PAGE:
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Controlled Substances

Harm Reduction in nursing practice

CNO recognizes and acknowledges the devastating impact of the opioid crisis. The COVID-19 pandemic heightened the crisis, while at the same time street supply has become progressively more harmful, leading to an increase in opioid related overdoses and deaths.

Nurses provide critical support to individuals impacted by this crisis. They are practicing in emerging and alternative areas of care to reduce risk, improve health and connect individuals with key health and social services.

Harm reduction refers to policies, programs and practices to reduce adverse health, social and economic consequences of legal and illegal psychoactive drugs without necessarily reducing drug consumption. Harm reduction practices are fundamental competencies for all nurses upon entry-to-practice.

CNO recognizes that nurses incorporate principles of harm reduction with respect to substance use and misuse into plans of care in the context of a comprehensive treatment plan or as a standalone harm reduction strategy. These practices enable nurses to take action and support better outcomes by providing the necessary client-centered care.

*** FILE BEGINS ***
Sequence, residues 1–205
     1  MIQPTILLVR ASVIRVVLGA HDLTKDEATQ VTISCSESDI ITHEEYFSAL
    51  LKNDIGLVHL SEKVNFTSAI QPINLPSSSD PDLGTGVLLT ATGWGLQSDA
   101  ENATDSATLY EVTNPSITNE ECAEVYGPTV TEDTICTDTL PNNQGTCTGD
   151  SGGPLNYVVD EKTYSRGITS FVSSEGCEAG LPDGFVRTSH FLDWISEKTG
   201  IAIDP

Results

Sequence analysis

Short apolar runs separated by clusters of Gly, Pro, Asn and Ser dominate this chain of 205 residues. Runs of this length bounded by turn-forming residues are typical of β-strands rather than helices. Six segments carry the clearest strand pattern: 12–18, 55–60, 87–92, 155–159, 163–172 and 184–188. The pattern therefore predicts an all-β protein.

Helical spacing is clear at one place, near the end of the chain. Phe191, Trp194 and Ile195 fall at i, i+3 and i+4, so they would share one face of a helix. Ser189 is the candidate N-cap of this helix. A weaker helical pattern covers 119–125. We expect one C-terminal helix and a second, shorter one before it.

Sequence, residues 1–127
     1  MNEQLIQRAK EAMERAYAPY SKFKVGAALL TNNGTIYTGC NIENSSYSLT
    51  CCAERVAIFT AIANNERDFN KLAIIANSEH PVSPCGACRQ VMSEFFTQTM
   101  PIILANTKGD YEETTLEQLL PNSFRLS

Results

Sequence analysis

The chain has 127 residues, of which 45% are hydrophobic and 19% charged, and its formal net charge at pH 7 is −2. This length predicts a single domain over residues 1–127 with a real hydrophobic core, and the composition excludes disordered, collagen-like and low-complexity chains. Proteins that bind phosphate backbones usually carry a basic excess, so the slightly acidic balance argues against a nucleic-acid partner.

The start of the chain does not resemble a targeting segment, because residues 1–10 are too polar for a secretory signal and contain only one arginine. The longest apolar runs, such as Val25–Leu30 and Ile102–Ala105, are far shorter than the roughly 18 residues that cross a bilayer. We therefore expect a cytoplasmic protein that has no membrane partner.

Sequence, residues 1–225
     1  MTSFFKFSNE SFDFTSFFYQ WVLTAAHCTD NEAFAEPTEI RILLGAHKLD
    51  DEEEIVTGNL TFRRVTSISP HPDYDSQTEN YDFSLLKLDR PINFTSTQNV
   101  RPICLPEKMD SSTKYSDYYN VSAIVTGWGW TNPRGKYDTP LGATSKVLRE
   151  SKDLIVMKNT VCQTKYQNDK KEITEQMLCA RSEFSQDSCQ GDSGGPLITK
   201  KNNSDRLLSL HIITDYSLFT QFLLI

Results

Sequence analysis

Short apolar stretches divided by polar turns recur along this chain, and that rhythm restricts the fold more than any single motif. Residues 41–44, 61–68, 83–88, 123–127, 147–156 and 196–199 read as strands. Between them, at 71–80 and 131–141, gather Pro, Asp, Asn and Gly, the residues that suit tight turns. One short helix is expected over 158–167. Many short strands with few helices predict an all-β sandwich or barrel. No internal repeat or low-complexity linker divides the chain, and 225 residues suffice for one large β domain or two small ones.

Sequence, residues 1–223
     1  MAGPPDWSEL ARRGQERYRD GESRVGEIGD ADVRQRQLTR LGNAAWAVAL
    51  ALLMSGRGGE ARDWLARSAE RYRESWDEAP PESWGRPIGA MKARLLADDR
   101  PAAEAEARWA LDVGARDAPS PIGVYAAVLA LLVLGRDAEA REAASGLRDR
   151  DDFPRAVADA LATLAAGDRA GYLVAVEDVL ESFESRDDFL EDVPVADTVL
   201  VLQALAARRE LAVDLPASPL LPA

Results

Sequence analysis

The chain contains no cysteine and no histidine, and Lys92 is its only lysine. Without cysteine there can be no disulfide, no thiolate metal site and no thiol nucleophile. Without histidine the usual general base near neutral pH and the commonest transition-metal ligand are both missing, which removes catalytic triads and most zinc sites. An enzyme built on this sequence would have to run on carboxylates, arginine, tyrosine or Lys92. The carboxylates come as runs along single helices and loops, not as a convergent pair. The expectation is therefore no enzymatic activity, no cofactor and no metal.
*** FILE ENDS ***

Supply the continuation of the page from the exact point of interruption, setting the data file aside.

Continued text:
CNO encourages nurses to seek and use the best available evidence to inform their practice.  There may be situations where nurses cannot provide optimal client care due to circumstances beyond their control. These situations often require a systems approach for resolution. It is important to remember that even in situations where nurses cannot provide optimal client care (such as working with limited resources or increased client load), they remain accountable to the Code of Conduct

As with all nursing care, nurses must use their knowledge, skill and judgement in considering the client’s safety and unique needs. CNO is committed to protecting the public by supporting nurses in maintaining their accountability towards their continued competence within each of their individual practice settings.

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Page last reviewed November 10, 2023